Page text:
American Flag and Flag Day

On June 14, 1777, the Continental Congress passed an act establishing an official flag for the new nation. The resolution stated: “Resolved, that the flag of the United States be thirteen stripes, alternate red and white; that the union be thirteen stars, white in a blue field, representing a new constellation." On Aug. 3, 1949, President Harry S. Truman officially declared June 14 as Flag Day.

The history of our flag is as fascinating as that of the American Republic itself. It has survived battles, inspired songs and evolved in response to the growth of the country it represents. 

  • Flag Day occurs on June 14th every year, but it is not an official federal holiday.
    Even though it is not a federal holiday, many cities and towns hold festivals and parades to honor the American Flag.
  • Flag Day was originally the celebration of the adoption of United States Flag.
    In 1916, President Woodrow Wilson is recorded as officially setting June 14, as Flag Day. Even with Wilson’s act, on a federal level the holiday was not passed by Congress.
  • Flag Day honors the American Flag and all its traditions. Historically, the story that Betsy Ross created the first flag has been passed down through the generations. However, it is actually believed that a United States Congressman named Francis Hopkinson created the first flag.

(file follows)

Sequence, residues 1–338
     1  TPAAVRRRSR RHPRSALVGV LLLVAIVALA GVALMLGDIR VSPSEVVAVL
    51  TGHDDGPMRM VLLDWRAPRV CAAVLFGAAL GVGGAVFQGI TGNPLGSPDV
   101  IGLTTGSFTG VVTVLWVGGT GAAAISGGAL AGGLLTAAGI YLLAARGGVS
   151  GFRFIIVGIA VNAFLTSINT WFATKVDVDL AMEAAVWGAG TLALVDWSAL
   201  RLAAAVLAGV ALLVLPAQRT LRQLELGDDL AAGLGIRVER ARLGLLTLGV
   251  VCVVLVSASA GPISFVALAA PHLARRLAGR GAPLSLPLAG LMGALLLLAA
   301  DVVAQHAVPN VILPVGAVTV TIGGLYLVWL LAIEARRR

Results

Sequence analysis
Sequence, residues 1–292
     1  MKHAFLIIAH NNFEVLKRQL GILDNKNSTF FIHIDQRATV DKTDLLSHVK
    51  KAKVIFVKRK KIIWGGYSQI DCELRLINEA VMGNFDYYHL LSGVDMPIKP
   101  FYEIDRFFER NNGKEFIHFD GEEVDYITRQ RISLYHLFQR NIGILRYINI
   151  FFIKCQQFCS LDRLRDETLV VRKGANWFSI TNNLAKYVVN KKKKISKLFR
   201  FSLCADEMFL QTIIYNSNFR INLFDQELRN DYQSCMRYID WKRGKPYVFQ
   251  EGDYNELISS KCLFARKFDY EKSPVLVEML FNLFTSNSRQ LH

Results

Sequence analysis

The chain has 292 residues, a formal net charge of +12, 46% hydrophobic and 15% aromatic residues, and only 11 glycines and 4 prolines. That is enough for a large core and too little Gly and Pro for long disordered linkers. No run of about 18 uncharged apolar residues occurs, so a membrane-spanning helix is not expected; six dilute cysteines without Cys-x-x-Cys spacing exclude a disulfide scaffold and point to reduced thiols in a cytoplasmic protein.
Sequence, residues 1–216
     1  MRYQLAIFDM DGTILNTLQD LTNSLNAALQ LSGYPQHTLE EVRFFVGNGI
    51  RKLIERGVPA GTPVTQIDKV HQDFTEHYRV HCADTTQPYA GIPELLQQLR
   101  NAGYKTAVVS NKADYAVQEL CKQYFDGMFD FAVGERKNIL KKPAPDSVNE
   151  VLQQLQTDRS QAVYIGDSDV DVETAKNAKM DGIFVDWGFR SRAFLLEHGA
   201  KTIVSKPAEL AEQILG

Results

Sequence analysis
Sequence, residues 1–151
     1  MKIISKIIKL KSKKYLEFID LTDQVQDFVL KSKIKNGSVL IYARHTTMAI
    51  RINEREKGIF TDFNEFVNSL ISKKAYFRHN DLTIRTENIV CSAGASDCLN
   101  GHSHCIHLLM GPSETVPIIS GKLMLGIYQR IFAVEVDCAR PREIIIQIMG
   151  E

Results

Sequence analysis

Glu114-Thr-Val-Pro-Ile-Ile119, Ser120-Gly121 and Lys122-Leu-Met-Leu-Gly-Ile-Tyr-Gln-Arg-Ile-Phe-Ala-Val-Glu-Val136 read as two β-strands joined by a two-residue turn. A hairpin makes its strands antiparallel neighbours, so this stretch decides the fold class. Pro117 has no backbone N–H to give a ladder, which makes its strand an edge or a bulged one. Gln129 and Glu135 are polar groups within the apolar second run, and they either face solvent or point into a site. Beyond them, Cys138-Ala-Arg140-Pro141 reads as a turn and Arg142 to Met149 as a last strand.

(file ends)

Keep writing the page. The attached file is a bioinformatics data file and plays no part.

The design of the American Flag was not made official until 1912. At that time, a governmental order adopted the current design.
  • The nickname for the American Flag is the “Stars and Stripes.”
  • The thirteen stripes on the flag represent the thirteen original colonies and the colors of the stripes, red and white, stand for the courage and purity of our nation. The stars stand for the fifty separate but united States of our nation.
  • Over the past years the flag has changed 27 times. The last change was on July 4, 1960 to include the 50th state, Hawaii.
  • There are many customs and traditions surrounding the American Flag. Flag Day is a day set aside to teach and remember the history and these customs and traditions.

Red White and Blue - Flag Ceremony

The arrangement for this Flag Ceremony is as follows:
Scout1: Caller
Scouts2-5: Color Guard
Leader: Props (scraps of Red, White, and Blue cloth)

Scout1: Color Guard Attention....
Scout1: Will the Audience please rise... Color Guard Forward March... Scout or Heart salute...
Scout1: (when the color guard reaches the flag posts)  Post the colors of the United States of America..... Post the colors of the great state of_________________, and of Troop/Pack____________________.
(Scout1 wait until leaders part is finished...)

Leader:  Scouts, what is our Flag? You could say it is just a few scraps of red, white, and blue cloth like these in my hand.  That would be true. But our flag is really much more than that.  We all recognize the flag as the banner of our country.  In other words, it stand for our country.  We should respect it and treat it as we would want to be treated... with care and love.  Let us show our respect by pledging our allegiance to the flag.

Scout1: Please repeat the Pledge of Allegiance with me.....